When New Zealand prime minister Jacinda Ardern and Scottish first minister Nicola Sturgeon stepped down, it turned the spotlight on the pressures that women leaders face. In India, too, the discussion was carried forward by politicians like the BJP’s Kushboo Sundar, who was recently appointed to the National Commission for Women. At the sixth edition of We The Women―an event organised by award-winning journalist Barkha Dutt on March 4 in Jaipur―Sundar, a former actor, pointed out that men always find outspoken, bold, strong and beautiful women intimidating, and thus try to subjugate them in various ways.
“Men think beauty and brains don’t go hand-in-hand, especially in politics,” she said, recounting an incident when two former ministers started changing their lungis in a room in which she was the only woman. “I had to tell them, ‘Excuse me. There is a woman in the room’,” she said. “The response was that I had to get used to this if I was to be in politics.” The event, of which THE WEEK was a sponsor, featured women from different walks of life, from actors like Vidya Balan and Janhvi Kapoor to royals like Gauravi Kumari, princess of Jaipur. There were community leaders, business icons and Army officers elaborating on what it means to be a woman in their respective fields.
Former US Secretary of State Hillary Clinton joined the gathering virtually. “Women in the public arena have historically been subjected to criticism and second-guessing,” she said. “However, social media has made it worse. The misogyny, sexism and the vicious personal attacks on social media have taken it to another level. So, you have to grow a thick skin. You have to accept that it is going to happen, and you can’t be overwhelmed by it. However, if your critics say something which is true, you can still learn from it.”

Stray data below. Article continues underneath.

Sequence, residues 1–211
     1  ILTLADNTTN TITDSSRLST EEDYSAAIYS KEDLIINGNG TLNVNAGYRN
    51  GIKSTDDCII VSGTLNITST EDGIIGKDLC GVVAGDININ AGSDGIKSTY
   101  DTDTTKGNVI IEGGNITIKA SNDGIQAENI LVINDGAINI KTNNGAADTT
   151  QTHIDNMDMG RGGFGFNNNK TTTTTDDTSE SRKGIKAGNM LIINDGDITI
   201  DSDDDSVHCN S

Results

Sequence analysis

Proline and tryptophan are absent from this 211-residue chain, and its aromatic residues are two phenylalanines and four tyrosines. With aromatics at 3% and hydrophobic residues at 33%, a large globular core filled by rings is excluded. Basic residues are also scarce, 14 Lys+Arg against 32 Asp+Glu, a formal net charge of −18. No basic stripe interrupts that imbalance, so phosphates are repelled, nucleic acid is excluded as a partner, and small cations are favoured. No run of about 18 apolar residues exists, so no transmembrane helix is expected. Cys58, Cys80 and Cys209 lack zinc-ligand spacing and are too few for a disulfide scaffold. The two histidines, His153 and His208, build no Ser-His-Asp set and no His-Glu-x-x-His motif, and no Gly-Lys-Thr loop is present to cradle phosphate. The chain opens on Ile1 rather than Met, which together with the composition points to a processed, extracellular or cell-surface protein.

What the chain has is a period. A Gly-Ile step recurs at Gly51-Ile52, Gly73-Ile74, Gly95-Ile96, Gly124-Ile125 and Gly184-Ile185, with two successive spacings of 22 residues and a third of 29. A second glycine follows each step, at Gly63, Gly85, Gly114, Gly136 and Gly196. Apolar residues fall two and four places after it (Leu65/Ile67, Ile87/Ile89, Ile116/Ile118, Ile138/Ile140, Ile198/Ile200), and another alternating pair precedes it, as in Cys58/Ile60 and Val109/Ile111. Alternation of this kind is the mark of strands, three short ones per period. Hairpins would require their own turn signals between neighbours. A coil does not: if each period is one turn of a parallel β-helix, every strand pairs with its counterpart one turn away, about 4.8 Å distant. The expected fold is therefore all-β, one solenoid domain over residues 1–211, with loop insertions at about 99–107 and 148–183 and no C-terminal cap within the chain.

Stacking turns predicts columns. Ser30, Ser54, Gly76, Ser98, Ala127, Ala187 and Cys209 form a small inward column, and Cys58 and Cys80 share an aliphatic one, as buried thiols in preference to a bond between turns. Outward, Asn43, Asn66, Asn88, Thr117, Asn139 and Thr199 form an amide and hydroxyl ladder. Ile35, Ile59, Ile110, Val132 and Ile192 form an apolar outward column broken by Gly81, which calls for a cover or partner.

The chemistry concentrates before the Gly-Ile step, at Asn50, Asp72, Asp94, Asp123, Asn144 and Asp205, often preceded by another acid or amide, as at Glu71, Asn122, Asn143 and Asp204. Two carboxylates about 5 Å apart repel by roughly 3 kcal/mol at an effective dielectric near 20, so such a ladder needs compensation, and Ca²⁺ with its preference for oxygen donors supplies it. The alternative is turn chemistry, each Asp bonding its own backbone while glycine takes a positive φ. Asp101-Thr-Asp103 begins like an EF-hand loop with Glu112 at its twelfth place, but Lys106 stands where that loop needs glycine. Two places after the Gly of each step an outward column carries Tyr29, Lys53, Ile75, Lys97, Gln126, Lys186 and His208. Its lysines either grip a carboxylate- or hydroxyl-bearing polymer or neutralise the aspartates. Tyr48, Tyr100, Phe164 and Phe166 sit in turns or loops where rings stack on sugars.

It is not easy for women breaking into other male-dominated spheres either. Seema Rao―known as the “wonder woman of India”as she is the only woman commando trainer of the country―has trained male commandos from the Army, Navy, Air Force, special forces and parachute regiments for 25 years. At 18, Rao feared height, water and confrontations. However, she wanted to be physically strong and hence learned martial arts. She used to walk every morning. Once, while she was practising, three ragpickers made a vulgar comment. She ignored them and focused on her training. Afterwards, she faced the same men while returning home.
“I started walking quickly,” she recounted. “One of them suddenly blocked my way with a grin which said, ‘You are just a girl, what can you do?’ My fear gave way to anger, and I slapped him. He reeled back and then came rushing at me. I kneed him on the head. Another man brandished a knife and I ducked. That day, I understood that you either conquer your fear or your fear conquers you.”
For celebrities like Balan, the challenge lies in asserting her rights. “Earlier on the set, I used to be the one who would adjust for everything,” she said. “If my co-star had to leave early, I would be okay with doing my close-ups last, settling for the smaller room or the van which was parked the farthest from the shoot. These are little things, but they are reflective of something. I needed to be liked and I needed to please everyone. I needed to overcompensate because I was successful.”